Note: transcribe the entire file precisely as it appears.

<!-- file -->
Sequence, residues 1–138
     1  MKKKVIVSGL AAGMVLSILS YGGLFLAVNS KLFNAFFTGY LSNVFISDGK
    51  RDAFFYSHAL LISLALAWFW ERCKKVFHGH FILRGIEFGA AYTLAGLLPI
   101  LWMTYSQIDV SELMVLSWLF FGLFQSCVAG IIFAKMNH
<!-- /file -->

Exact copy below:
Sequence, residues 1–138
     1  MKKKVIVSGL AAGMVLSILS YGGLFLAVNS KLFNAFFTGY LSNVFISDGK
    51  RDAFFYSHAL LISLALAWFW ERCKKVFHGH FILRGIEFGA AYTLAGLLPI
   101  LWMTYSQIDV SELMVLSWLF FGLFQSCVAG IIFAKMNH